One of Newgarden’s ace cards this season was having Tim Cindric atop the pit box.
The Team Penske president moved over to the young American’s team this season after winning a championship with Will Power in 2014, and said Sunday he wasn’t sure what he’d gotten himself into at first before the cards started coming together for the No. 2 team.
“I didn’t know what to expect,” admitted Cindric. “I knew he was going to be competitive, but I felt it would take a little longer … honestly, before he were sitting here as a champion. He proved me wrong in a big way.”
Cindric added that he was equally as grateful for the respect shown between Newgarden and Pagenaud in their battle for the win Sunday, with concerns having risen before the start due to the duo’s run-in at Gateway last month.
“These guys had a lot on the line, a lot to lose and a lot to gain. They showed each other that they could race each other clean, and fortunately we came out with a one-two (in the race and the championship) at the end of the day,” Cindric said. “It’s a great effort, not only by our team, but by everyone in the organization. It’s truly a team effort.”
Newgarden agreed with that assessment of the now-15-time Indy car championship-winning organization.
“These guys are rock stars, every single one of them. It’s not just the (No.) 2 car guys, it’s every single car that we put on the race track and every single crew (member) that comes to Team Penske. They work on all these cars. It’s just a different way of operating at Team Penske … but it works for us time and time again.”
As Pagenaud passed the championship torch to his teammate, he gave words of encouragement to his young charge about the responsibility of being a champion.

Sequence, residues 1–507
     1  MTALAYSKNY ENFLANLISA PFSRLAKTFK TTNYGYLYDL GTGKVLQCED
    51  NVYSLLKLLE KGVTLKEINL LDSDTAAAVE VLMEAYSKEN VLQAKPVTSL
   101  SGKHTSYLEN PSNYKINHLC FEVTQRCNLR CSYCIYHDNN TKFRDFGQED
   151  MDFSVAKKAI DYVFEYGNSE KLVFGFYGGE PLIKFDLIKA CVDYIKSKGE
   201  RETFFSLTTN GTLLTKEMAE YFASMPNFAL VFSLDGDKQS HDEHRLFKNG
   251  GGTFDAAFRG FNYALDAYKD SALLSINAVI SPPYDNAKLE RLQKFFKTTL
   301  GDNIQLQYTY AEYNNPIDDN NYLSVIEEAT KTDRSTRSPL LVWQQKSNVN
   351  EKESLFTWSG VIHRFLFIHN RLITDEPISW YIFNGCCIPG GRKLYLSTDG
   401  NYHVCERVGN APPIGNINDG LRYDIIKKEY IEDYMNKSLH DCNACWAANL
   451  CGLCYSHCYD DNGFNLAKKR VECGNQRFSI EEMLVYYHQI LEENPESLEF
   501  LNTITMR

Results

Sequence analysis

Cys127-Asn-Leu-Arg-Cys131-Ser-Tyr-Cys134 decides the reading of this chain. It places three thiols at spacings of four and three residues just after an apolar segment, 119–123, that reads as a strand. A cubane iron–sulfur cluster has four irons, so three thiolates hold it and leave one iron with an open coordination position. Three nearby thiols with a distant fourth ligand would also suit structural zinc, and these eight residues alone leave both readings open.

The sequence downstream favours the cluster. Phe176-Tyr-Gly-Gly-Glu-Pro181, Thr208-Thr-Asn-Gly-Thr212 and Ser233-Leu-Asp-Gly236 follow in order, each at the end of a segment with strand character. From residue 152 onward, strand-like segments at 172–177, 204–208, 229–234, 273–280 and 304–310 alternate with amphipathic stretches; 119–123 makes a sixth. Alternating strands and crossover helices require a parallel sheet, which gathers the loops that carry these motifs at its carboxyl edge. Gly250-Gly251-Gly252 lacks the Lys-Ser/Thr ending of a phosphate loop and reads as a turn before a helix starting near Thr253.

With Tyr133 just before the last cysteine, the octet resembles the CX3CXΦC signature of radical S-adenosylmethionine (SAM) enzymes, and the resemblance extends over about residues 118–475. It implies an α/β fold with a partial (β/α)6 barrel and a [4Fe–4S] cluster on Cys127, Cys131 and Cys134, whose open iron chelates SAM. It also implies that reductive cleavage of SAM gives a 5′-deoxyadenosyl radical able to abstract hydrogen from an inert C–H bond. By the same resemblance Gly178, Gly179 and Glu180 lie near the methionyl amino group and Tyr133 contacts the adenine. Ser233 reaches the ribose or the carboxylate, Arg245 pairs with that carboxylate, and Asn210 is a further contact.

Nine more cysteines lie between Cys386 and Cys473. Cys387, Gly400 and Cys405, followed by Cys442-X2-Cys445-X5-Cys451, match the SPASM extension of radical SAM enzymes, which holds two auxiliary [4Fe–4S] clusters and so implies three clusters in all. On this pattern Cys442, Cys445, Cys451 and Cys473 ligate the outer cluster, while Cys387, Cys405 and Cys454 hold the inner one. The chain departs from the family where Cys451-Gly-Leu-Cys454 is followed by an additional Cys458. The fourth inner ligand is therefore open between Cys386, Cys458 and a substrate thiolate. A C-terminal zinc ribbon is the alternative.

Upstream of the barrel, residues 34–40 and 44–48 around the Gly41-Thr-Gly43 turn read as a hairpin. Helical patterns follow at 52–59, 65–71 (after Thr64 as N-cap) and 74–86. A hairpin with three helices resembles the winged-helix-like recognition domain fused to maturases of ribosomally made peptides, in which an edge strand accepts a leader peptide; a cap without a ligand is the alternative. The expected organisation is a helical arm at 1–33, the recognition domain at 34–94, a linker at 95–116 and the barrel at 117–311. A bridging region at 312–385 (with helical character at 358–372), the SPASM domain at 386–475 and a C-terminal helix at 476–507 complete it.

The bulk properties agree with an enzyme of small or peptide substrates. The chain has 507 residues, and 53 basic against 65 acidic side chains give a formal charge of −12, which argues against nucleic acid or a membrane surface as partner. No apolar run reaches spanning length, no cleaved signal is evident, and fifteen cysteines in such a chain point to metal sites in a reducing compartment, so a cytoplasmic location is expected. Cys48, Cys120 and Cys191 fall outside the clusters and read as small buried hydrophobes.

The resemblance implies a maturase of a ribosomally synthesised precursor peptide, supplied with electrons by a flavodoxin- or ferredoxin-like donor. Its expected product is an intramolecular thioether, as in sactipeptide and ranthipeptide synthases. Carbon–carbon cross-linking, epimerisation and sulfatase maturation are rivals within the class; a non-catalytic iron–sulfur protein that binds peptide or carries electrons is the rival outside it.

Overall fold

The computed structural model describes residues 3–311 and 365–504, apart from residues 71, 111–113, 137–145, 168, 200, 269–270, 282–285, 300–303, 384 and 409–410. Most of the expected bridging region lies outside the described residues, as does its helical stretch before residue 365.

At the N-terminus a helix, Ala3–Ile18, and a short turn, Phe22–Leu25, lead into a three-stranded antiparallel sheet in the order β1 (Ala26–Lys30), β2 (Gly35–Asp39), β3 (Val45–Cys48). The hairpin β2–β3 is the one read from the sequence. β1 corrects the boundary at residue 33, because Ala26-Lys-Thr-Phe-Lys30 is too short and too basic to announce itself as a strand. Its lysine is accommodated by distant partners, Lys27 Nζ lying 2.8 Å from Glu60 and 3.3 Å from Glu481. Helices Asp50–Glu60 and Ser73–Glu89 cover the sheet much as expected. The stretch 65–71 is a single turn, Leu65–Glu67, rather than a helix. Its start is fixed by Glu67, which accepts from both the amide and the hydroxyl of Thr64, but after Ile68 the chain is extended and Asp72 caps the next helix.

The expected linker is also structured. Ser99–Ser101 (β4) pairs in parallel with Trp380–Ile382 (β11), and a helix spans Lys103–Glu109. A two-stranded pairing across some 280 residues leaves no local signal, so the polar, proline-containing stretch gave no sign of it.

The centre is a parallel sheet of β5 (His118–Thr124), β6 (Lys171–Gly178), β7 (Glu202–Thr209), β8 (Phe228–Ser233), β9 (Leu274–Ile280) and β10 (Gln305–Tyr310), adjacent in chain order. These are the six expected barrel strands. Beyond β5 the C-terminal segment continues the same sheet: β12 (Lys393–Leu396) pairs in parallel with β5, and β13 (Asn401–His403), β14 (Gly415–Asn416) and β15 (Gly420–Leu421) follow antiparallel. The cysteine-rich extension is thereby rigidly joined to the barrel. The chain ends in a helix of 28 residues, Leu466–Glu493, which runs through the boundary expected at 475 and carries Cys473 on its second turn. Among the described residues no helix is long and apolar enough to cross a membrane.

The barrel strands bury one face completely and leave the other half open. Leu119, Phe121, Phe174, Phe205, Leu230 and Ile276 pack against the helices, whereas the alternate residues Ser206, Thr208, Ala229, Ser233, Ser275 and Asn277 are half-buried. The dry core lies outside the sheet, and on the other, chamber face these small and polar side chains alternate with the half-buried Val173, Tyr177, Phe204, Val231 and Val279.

“We defended really well and I feel that we represented the (champion’s) No. 1 really well, but Josef is going to be a great champion,” Pagenaud said. “He’s an American; that’s going to be great for the sport.”
“(It’s also good that) he’s a kid, and I’ll tell you what, he’s pretty smart already. That’s what it takes and I know he’ll represent the sport well. That’s what being a champion is all about.”
Appropriately, Newgarden’s first proclamation as series champion was in appreciation to all the IndyCar faithful for their support of the series.
“Thank you so much to all the IndyCar fans,” he said. “We have the best racing in the world and it’s only getting better, I swear. The series is growing, people know we have great motorsports here … and man, I hope they come out to some races next year. They will not be disappointed, I promise.”
But in spite of the professionalism he showed, there was one moment during the celebration when Newgarden showed ultimate emotion, talking about how his parents launched his career and made it possible for him to achieve his dreams.
“My parents have done so much for me,” Newgarden said, voice cracking as he broke down in tears. “They put it all on the line. Like I said, this (championship) is a dream come true.”
And for a young American from small-town Tennessee, Sunday marked the realization of that dream, as well as the start of another one.
“We’ll be ready to chase another (title) next year. You can count on that,” he affirmed. “But first, we’re going to enjoy this one tonight, without a doubt.”
About the Writer
Jacob Seelman is the Managing Editor of Race Chaser Online and creator of the Motorsports Madness radio show, airing at 7 p.m. Eastern every Monday on the Performance Motorsports Network.
Seelman grew up in the sport, watching his grandparents co-own the RaDiUs Motorsports NASCAR Cup Series team in the 1990s.
The 23-year-old is currently studying Broadcast Journalism at Winthrop University in Rock Hill, S.C., and is also serving as the full-time tour announcer for the Must See Racing Sprint Car Series.
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